From December 1 to 24, Weaver’s Orchard will contribute 3% of all retail sales to FREE, a nonprofit that is based in Berks County and is working to end human trafficking and exploitation. We are excited to support them in the important work they are doing.
Experts estimate that over 40 million people are enslaved around the world, victims of forced labor or sexual exploitation. No region is exempt from the problem. It’s estimated that 100,000 to 300,000 minors are trafficked annually in the U.S. Even though that estimate sounds high, the reality could be even worse since human trafficking is by nature secretive.
It is easy to look at a number like 40 million and feel shocked and overwhelmed. This is how Andrea McHenry of Morgantown felt when she first began to research the problem. She was studying social work at Reading Area Community College (RACC) in Berks County in 2010, and her teacher required the class to research one social justice issue in depth. McHenry decided to learn more about human trafficking. The more she researched, the more she found herself asking, “Is this really happening?” She thought of her own young daughter. “What if this was her?” she kept thinking.
Her new awareness motivated her to volunteer with FREE: Freedom and Restoration for Everyone Enslaved, a Berks County nonprofit that is dedicated to fighting human trafficking–especially sex trafficking– on a local level.
To make a difference in a huge global problem, it makes sense to begin by tackling what is happening locally, which is exactly what FREE does. They raise awareness, advocate for victims and educate youth in order to prevent them from falling prey to traffickers. But working on a local level doesn’t make the problem easier to deal with emotionally. It means acknowledging that terrible crimes are happening in your own backyard. McHenry admits that this was hard to come to terms with at first. It was easy to think, “Oh, that happens in big cities,” she says. But the reality was that “no, it happens in our little community too.” Two human traffickers have been prosecuted recently in Berks County, says McHenry.
And even though a common image is that people from overseas are trafficked into the U.S., McHenry explains that trafficking may also easily affect people who already live in the United States. Any minor can become a victim of traffickers, who use very deceptive practices, quite often posing as boyfriends and taking as long as a year to win the victim’s trust. (Twelve is the average age for a minor to be trafficked, says McHenry.)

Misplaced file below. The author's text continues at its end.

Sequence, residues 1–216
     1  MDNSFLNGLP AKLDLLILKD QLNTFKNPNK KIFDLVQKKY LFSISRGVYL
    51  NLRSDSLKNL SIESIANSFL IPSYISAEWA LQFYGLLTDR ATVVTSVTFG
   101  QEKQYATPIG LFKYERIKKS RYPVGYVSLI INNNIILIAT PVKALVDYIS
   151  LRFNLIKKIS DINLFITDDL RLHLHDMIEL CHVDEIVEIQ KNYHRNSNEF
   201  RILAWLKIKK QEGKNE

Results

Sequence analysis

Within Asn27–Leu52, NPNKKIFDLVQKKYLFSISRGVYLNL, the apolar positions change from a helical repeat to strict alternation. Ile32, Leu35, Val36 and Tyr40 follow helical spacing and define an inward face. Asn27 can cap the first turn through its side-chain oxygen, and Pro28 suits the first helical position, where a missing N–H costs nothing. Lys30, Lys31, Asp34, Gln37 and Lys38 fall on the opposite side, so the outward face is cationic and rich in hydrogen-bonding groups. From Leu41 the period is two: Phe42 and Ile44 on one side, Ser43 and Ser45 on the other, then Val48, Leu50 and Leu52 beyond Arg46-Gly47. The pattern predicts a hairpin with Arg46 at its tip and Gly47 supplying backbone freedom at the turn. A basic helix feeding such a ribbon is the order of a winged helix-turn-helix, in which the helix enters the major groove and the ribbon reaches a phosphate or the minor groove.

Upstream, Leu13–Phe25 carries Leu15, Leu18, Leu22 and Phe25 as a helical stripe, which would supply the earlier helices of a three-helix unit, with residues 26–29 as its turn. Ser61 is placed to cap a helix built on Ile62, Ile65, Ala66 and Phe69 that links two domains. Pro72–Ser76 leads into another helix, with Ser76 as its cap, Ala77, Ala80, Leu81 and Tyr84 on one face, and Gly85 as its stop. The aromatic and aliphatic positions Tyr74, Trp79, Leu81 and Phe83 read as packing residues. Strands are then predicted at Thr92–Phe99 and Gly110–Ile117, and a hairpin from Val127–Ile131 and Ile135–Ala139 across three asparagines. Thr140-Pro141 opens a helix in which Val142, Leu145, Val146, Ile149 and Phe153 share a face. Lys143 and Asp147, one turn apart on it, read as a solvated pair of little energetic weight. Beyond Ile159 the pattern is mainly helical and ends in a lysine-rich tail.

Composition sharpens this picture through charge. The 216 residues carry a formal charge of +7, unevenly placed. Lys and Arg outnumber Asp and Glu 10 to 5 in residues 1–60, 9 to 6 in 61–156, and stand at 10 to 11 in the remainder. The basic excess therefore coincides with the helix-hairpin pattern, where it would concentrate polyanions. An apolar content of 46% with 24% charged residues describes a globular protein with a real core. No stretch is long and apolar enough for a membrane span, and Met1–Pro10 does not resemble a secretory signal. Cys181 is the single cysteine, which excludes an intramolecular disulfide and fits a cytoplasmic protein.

Despite initially feeling overwhelmed and a little scared, McHenry continued to volunteer her time. “I tried to walk away, but God would not let me,” she says. In 2015, when FREE’s executive director was stepping down, Andrea felt that it was important to continue the work because FREE is the only organization of its kind in Berks County. So she stepped into the Executive Director’s shoes–as a volunteer, like her predecessor, and like all the staff at FREE.
During the nine years that she has spent with FREE, she has seen people become more aware that global slavery exists. More people want to know what they can do to help, says McHenry. More people are aware, receptive, donating, and there are more laws protecting the victims of human trafficking.
As McHenry and FREE battle human trafficking in Berks County, they are unique but they are not alone. One of the strengths of the city of Reading is that there are “so many resources” she says. When people are freed from sexual exploitation, they can find help from many social service agencies in Reading. The county has also formed the Berks Coalition Against Human Trafficking, and whenever this group meets, McHenry finds hope as she looks around the table and sees all the people who care and who want to be there. The district attorney’s office has been a strong supporter, McHenry says, noting that the DA himself spoke at one of FREE’s fundraising events. FREE also partners with detectives and law enforcement.
Even with this excellent support, one thing is still missing. A home where those freed from human trafficking can stay, free of charge, and find safety, healing, and respite. McHenry wants FREE to found such a home and has begun fundraising to make it happen.
Since they are a faith-based organization, McHenry says their home will bring emotional, physical, and spiritual freedom. McHenry believes that “nobody outside the healing power of Jesus” can heal the damage done to each victim or end the evil of human trafficking. It’s clear that, to McHenry, this means that healing and the ultimate end of this evil are assured. “There’s always hope,” she says. “There’s hope. There’s hope.” As she says this, it sounds like a hymn. “We know that wherever we go, He’s with us.”